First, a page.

Applying the Varnish
To finish the rod we now need to apply varnish to the whippings and the blank. I suspect if you got ten rod builders/restorers in a room and asked them how to varnish a fishing rod, you would get ten different answers!
Some will tell you to thin the varnish before applying, some will say you should apply the varnish with a brush, others with your finger, some may even recommend dipping the rod in a varnish bath, or even spraying the varnish on to the blank.
Do you need to varnish the whippings before the rod, so the whippings get more coats? And if so, how many times? What varnish should you use, how many coats in total?
At the end of the day, the right way for you is what works for you. By a process of trial and error, I have found a method that allows me to finish a rod with varnish to a standard I’m happy with using relatively inexpensive varnish and without specialised tools or a drying room. You need to find a method that works for you, but I’ll describe here my method and that’s as good a way to start as any.
Firstly, I dont thin the varnish as many recommend – I use it straight from the tin. Maybe I dont get the depth of shine in the finish that others do, but then I’m not usually working with the most valuable rods. I have used several different varnishes with good results, but I find I get the best results with the ‘International’ brand of Yacht Varnish. It doesn’t alter the colour of the blank very much, and its easy to apply and doesn’t run if its not applied too thickly.
When I want a darker finish, I use ordinary Ronseal outdoor varnish. Its not so easy to apply as its thicker and you have to be more careful, but when I want a deep rich finish it does the job well. For a high shine I use clear gloss, but I have used the satin version when I wanted a non-reflective finish.
I apply the varnish with a small artists paintbrush – no more than 3mm thick so I have a lot of control. Maybe it takes longer than with a thicker brush, but it works for me and I’m pretty quick at it.
I apply two coats to the whippings alone before varnishing over the whole rod including the whippings with four more coats. Between coats I remove any minor imperfections by rubbing over the blank VERY gently with the finest grade of wire wool. Irrespective of what drying time is says on the tin, I always wait 24 hours between coats.
Varnishing the whippings is fairly easy as you’re working in a clearly defined area – just start at the edge and apply varnish by rotating the rod with the brush held against the whipping. Make sure the varnish is evenly distributed by going over it with the brush before moving to the next whipping.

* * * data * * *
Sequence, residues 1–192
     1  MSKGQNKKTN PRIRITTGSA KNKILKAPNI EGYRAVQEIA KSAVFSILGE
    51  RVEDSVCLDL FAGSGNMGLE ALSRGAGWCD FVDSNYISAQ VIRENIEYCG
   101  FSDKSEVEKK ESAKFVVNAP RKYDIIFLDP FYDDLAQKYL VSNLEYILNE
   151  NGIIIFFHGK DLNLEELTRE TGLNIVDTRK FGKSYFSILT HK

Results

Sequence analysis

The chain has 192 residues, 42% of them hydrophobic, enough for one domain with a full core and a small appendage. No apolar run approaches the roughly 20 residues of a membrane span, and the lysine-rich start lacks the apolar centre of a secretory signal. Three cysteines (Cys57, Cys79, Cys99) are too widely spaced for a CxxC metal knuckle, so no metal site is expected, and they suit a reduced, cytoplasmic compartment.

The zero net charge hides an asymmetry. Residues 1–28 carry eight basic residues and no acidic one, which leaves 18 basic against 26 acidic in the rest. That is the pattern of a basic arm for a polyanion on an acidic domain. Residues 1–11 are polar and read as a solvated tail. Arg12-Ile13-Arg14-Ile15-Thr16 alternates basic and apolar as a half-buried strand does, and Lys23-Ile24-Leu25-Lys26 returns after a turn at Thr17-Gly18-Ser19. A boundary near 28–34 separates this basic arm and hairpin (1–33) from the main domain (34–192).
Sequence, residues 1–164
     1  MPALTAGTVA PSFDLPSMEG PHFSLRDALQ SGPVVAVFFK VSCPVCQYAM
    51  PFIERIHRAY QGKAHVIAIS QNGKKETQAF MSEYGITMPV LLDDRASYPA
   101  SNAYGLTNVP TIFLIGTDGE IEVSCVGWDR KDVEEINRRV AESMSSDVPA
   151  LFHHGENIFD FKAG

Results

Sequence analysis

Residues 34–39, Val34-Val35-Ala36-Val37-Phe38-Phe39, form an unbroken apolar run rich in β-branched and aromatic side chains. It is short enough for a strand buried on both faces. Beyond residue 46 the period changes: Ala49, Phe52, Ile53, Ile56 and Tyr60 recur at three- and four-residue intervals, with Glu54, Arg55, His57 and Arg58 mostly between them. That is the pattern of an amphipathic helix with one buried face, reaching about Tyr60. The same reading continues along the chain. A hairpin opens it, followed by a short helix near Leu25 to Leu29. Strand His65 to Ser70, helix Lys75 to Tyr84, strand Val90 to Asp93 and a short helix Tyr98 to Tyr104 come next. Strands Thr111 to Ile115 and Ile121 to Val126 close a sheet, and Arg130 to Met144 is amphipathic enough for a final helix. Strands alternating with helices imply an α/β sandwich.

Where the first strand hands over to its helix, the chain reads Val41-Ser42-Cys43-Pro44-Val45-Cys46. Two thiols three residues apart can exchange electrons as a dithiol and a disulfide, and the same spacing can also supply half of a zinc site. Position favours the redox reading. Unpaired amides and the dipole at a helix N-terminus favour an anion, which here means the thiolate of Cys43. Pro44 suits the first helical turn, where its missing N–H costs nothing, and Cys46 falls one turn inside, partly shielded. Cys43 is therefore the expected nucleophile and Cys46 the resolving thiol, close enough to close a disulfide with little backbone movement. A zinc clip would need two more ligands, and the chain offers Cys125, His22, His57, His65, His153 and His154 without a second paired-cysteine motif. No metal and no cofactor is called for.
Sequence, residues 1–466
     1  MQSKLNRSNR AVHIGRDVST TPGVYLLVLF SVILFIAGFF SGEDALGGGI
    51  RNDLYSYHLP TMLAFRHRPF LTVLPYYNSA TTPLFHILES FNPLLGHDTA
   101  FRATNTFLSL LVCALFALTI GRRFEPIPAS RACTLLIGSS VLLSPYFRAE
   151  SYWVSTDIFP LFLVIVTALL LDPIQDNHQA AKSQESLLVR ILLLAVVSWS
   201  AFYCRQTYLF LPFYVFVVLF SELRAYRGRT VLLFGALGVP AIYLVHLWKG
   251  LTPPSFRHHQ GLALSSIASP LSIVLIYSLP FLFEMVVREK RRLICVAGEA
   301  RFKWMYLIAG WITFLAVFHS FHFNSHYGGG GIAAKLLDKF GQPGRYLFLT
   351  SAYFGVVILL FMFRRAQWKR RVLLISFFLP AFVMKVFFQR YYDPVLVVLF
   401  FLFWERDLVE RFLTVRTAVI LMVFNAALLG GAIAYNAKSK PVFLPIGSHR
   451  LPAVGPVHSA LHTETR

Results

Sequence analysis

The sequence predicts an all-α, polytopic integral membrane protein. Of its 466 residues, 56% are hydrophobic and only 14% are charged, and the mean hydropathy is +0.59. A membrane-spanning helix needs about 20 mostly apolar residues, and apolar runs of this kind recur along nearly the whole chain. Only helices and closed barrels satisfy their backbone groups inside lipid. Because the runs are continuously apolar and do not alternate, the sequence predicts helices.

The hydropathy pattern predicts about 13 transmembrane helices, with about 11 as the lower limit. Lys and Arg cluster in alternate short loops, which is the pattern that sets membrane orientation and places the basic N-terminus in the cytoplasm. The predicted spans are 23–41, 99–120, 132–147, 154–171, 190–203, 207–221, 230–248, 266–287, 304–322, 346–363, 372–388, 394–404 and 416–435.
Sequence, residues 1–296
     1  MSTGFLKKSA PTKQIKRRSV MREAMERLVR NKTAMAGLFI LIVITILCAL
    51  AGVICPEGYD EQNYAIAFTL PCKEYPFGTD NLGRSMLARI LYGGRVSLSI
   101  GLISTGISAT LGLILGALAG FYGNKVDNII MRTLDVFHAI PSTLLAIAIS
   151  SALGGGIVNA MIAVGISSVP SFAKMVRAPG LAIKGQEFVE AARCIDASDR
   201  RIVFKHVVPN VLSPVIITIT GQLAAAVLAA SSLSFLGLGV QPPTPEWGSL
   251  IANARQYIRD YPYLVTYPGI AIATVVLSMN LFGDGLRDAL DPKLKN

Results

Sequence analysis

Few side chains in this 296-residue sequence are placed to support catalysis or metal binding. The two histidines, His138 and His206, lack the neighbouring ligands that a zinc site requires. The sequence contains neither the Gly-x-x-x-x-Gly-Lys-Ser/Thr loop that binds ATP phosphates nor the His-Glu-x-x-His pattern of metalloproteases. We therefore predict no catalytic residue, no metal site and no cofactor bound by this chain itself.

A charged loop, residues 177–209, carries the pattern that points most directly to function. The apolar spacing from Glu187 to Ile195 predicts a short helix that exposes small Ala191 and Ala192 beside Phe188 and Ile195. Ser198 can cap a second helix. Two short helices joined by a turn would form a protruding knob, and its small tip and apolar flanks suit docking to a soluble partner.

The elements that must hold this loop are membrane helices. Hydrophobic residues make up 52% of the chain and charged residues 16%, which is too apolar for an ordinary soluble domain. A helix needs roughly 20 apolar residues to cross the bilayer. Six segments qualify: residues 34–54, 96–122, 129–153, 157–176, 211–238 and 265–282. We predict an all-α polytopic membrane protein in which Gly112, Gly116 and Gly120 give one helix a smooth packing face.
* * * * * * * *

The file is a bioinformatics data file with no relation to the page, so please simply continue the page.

After the whippings have had two coats and thoroughly dried, I start at one end of the rod and apply varnish to the whipping at that end. When I reach the end of the whipping, I apply varnish directly to the adjacent part of the blank, again by rotating the rod, but I then brush up and down the blank up to the next whipping while rotating the rod as I find it easier to get an even finish. Once I reach the next whipping I repeat the process until the whole rod section has been varnished.
Effectively I treat two adjacent whippings and the rod between them as separate sections. That way I am always working with a small area which I find makes it easier to apply the varnish evenly.
With some varnishes you may need to rotate the rod during drying to avoid runs or build up of varnish, but with ‘International’ Yacht Varnish I have found that as long as I do not apply too much varnish in each coat, I can just prop the rod against a wall and leave it to dry.
The pictures below show the Allcocks Gold Label Wizard I’ve been using for this project, both before and after the restoration. It now has a new top section made by slightly shortening a section from an old salmon fly rod, and a new ferrule between the top two joints. The taper of the replacement top section doesn’t exactly match the original – its thinner in the tip, but only slighly so the action will be similar, it might even be a little quicker on the strike when trotting for Dace. Everything else is original, so although its not quite the Wizard it was, I doubt many people would be able to tell, either by looking at it, or fishing with it.
If you’ve been with me from the start of this project, I hope you’ve found it useful, and are confident enough to think about restoring a rod of your own. I’m not going to tell you that cane rods are superior to carbon, although many will, but there is something different about cane, and although I do use carbon rods and poles, I enjoy using cane rods, centrepin reels and quill floats some of the time, probably for much the same reason that some people like to drive vintage cars.